Political Analysis

Three Conditions Set by the Government to Extend the Yemeni Truce

National Yemen
Written by NY Staff

London, Jeddah, Aden – A Yemeni government source told Asharq Al-Awsat on Sunday that the legitimate government has set three conditions for extending the ceasefire that U.N. Special Envoy Islamil Ould Cheikh Ahmed had requested.

The three conditions include: Putting more pressure on rebels to force them abide by the truce, finding guarantees to the first point, and facilitating the delivery of aid, especially to Taiz.

The source justified these conditions by saying: “The legitimate government does not want to see rebels use this truce to mobilize their troops, double their assaults on Yemen and resume their attacks against the Saudi borders.”

Ould Cheikh had asked Yemeni warring parties to accept the extension of an expired humanitarian truce, which had entered into effect last Thursday.

The U.N. envoy reminded all parties of the ceasefire’s terms and conditions, which include a complete and comprehensive cessation of all military operations. Ould Chiekh said he expected the two parties would respect their commitment towards a final cessation of violence, stressing the importance of a complete ceasefire in case they agree on the extension of the truce.

Yemeni Foreign Minister said he respected the U.N. envoy’s call for an extension, but added that in effect, there was no truce due to the violations by the rebels.

The foreign minister told Agence France Press: “Even if we accept it, the other party does not make any commitment to respect the ceasefire.”

Yemen’s Chief of General Staff, Major General Mohammad Ali Almekdeshi said rebel militias have deliberately thwarted the humanitarian truce.

“The violation committed by militias has convinced more our political and military leadership in Yemen that the coup perpetrators are not serious to accept peace and were not ready for a ceasefire, and it confirms their intransigence to continue war and their inability to meet the desires of the people,” Almekdeshi said, according to Reuters.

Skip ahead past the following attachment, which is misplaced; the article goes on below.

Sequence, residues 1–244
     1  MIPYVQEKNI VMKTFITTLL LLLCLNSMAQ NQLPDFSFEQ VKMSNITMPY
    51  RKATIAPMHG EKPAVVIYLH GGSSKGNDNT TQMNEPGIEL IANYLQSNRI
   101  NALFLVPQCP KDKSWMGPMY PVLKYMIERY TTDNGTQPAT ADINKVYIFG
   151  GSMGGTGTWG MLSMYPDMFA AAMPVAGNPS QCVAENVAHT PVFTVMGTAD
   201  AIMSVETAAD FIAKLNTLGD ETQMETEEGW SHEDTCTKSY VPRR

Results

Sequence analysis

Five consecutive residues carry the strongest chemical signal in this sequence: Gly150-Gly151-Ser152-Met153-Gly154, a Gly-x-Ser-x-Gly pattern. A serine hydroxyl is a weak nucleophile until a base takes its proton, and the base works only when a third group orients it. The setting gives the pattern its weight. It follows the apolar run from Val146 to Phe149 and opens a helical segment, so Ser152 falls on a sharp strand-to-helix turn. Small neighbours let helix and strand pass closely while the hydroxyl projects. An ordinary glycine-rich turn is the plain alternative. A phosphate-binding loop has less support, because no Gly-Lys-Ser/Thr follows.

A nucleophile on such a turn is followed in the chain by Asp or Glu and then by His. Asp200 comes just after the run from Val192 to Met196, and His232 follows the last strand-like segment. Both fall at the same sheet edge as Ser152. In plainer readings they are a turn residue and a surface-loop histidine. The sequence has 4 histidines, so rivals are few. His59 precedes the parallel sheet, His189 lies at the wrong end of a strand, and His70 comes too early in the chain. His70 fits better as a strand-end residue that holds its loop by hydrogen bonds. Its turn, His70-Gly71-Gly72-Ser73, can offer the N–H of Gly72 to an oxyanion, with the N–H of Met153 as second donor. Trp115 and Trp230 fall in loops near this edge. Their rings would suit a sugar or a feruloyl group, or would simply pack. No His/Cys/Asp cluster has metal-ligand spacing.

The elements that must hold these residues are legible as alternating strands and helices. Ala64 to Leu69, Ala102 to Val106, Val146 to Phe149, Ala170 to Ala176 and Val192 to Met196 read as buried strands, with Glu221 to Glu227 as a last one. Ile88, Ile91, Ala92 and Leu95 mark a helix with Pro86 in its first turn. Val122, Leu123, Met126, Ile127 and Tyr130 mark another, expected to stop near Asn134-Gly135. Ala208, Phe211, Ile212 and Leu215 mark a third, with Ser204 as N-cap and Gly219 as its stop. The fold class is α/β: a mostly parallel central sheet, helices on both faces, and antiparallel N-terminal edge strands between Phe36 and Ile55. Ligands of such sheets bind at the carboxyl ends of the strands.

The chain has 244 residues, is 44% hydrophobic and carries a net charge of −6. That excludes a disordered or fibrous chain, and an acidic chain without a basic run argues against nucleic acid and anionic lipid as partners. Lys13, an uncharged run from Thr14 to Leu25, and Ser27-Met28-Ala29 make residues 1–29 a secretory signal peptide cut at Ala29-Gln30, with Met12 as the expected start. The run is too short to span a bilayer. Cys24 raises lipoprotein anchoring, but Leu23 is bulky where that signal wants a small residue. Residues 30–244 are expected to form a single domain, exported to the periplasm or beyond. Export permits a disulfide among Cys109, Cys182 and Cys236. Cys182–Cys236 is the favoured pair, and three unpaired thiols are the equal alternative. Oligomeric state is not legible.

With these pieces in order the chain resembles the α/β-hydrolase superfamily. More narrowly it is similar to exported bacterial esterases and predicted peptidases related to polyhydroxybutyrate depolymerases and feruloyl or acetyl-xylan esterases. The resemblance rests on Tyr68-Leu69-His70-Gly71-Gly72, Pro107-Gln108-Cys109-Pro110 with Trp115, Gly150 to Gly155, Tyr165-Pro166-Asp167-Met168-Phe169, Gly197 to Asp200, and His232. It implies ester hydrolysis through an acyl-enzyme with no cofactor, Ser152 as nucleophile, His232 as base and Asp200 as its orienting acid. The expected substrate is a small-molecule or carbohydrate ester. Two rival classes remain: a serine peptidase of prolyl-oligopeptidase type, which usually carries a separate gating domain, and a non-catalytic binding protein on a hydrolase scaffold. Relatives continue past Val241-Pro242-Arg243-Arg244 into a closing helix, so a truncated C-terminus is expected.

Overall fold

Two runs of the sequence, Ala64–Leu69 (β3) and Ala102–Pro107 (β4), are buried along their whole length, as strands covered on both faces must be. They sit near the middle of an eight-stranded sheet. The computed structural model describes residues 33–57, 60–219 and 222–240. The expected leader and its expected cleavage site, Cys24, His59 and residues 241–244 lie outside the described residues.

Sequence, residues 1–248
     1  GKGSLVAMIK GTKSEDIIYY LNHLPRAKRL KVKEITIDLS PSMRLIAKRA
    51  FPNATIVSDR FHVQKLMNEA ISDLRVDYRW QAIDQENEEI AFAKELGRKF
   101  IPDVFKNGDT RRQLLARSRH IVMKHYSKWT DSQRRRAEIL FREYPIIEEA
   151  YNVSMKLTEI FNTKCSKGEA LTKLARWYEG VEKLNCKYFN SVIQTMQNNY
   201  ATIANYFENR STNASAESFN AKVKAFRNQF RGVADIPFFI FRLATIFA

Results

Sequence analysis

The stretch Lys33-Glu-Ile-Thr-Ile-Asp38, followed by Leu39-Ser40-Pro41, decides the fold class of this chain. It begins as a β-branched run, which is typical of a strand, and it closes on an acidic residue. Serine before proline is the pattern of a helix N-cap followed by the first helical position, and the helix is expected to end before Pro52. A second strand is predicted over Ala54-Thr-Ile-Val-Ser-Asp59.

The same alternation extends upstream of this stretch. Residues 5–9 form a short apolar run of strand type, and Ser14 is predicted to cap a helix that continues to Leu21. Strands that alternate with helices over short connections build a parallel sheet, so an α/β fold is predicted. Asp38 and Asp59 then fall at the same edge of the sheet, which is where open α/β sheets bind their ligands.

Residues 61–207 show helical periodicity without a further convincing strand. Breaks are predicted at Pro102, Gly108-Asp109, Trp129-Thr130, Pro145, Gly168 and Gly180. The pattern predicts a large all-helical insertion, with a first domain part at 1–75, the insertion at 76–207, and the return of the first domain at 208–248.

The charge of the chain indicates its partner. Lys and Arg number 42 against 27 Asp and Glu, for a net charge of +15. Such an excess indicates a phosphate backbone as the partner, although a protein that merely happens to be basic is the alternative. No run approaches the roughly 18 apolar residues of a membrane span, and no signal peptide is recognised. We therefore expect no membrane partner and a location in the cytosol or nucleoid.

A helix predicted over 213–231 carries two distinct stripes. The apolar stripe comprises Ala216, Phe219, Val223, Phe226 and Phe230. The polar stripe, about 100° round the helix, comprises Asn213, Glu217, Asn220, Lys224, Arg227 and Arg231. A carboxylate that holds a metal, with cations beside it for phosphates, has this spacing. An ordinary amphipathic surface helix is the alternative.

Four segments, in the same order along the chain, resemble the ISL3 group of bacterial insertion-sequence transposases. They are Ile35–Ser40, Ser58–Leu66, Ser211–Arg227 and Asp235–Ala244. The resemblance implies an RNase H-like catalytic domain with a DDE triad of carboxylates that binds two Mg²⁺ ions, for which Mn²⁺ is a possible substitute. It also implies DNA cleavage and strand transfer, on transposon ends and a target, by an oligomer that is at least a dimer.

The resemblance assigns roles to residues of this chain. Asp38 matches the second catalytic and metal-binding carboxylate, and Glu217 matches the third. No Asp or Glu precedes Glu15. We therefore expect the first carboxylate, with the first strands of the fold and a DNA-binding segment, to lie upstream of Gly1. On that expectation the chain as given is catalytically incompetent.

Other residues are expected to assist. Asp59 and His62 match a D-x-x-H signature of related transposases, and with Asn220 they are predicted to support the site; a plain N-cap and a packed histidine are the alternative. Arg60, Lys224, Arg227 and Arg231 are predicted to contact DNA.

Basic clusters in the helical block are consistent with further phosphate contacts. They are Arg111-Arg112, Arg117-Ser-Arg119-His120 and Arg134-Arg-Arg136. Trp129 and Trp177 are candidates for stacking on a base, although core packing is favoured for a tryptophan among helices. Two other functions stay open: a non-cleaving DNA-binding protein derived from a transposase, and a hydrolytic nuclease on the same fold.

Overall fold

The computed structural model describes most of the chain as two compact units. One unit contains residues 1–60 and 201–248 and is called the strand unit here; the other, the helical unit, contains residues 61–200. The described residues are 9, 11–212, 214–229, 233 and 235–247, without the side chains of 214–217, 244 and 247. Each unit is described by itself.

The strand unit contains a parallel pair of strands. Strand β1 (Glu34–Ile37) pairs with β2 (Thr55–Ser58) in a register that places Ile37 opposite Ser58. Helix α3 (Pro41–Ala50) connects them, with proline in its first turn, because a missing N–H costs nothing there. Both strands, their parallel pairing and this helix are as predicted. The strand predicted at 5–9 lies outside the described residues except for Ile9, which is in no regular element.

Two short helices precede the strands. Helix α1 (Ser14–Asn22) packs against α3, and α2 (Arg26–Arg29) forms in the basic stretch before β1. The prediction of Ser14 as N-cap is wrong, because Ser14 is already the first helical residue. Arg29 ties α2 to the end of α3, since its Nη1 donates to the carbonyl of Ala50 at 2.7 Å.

Germany’s news agency reported that Ould Cheikh arrived to Sana’a yesterday in an unannounced visit. The U.N. envoy met with head of the Houthi delegation, Mohammed Abdelsalam.

Ould Cheikh’s visit coincided with a political escalation launched by the camp of ousted former President Ali Abdullah Saleh in the General People’s Congress party, claiming in a statement issued yesterday that Ould Cheikh was standing in the side of the Alliance.

However, Yemeni political analyst Najib Gholab said “party statements issued by the narrow camps of Saleh do not express the opinions of the General People’s Congress party, but the interests of a minority allied with Houthi rebels.”

Gholab said he expected the U.N. envoy would meet with the decision-makers in Sana’a, which in fact are the Houthis.

Meanwhile, UNICEF’s regional chief of communication for the Middle East and North Africa, Juliette Touma told Asharq Al-Awsat that an aid convoy loaded with humanitarian aid was heading in the direction of Taiz last Saturday but could not enter the city due to military checkpoints.

Touma’s comments confirmed a statement issued Saturday by Taiz local authorities, who said Yemen’s rebels obstructed the entry of a UNICEF team to the city of Taiz despite crossing a long distance.

Taiz Governor Ali al-Maamari told Asharq Al-Awsat: “The last truce was never implemented. It was simply reports on papers.”

Al-Maamari said preventing international organizations from delivering aid to Yemeni cities is a blatant challenge to the siege.

On Sunday, rebel militias had also used live bullets to suppress protests held in the central prison of Sana’a against the selective release of prisoners.

Original Article